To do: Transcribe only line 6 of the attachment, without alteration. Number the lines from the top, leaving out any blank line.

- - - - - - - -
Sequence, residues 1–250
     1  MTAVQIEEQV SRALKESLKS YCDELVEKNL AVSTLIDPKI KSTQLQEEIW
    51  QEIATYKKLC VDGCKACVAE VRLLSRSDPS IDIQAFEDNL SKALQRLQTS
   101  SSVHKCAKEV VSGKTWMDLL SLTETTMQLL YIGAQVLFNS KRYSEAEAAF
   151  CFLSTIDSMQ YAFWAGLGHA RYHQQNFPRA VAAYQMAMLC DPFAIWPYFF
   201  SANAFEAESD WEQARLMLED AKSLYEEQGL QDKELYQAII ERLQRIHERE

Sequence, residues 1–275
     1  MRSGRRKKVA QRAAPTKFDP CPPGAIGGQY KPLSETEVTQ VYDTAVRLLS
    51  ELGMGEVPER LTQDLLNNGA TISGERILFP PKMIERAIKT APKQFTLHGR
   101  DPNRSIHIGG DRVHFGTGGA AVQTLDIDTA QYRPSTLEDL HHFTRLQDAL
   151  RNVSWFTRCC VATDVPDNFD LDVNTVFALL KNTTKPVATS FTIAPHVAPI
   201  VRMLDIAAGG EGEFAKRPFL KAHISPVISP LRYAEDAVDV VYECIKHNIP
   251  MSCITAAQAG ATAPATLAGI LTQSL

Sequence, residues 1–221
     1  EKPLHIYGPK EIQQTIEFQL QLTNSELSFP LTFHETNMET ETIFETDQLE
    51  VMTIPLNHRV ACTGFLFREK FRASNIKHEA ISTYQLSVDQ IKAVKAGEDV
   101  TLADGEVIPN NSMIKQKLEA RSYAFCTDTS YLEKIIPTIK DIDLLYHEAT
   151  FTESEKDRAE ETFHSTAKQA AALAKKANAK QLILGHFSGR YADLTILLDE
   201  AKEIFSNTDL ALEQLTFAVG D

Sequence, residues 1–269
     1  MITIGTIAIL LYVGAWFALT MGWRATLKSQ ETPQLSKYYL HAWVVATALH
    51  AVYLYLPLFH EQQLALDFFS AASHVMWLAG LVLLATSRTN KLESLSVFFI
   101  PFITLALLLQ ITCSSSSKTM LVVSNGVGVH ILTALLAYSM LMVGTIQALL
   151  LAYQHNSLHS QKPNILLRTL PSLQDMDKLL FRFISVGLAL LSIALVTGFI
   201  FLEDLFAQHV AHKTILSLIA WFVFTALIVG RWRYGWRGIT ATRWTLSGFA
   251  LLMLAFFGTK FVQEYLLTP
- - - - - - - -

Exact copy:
   201  SANAFEAESD WEQARLMLED AKSLYEEQGL QDKELYQAII ERLQRIHERE